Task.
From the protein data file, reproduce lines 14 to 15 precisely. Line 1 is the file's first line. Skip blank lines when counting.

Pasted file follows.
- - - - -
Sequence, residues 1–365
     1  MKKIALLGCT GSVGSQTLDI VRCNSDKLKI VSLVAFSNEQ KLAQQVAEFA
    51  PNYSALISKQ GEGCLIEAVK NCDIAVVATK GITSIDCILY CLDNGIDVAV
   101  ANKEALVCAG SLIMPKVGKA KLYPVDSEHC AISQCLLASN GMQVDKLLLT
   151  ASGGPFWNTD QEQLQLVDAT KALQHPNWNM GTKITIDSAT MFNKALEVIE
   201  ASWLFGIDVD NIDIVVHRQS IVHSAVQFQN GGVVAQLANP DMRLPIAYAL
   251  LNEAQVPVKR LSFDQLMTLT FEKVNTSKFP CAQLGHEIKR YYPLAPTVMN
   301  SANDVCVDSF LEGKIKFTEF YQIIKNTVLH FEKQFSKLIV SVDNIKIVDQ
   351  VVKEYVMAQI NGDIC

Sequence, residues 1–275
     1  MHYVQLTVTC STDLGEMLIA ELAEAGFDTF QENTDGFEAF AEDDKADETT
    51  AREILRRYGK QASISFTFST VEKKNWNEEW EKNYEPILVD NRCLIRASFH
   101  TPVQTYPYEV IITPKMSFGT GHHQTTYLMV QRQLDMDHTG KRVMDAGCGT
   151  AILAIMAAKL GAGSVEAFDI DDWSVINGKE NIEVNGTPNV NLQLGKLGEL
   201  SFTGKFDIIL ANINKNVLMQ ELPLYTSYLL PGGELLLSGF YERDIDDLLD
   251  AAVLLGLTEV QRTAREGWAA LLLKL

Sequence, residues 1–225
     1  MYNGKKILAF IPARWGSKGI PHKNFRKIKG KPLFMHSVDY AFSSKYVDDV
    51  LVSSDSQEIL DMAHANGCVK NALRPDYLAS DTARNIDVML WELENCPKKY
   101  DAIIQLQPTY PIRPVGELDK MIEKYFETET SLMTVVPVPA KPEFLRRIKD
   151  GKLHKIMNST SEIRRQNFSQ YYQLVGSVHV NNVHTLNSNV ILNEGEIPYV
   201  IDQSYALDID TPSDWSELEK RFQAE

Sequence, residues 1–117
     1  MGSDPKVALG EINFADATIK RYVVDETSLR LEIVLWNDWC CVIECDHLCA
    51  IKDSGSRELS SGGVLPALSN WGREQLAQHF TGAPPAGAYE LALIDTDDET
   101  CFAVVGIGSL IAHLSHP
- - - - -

   151  AILAIMAAKL GAGSVEAFDI DDWSVINGKE NIEVNGTPNV NLQLGKLGEL
   201  SFTGKFDIIL ANINKNVLMQ ELPLYTSYLL PGGELLLSGF YERDIDDLLD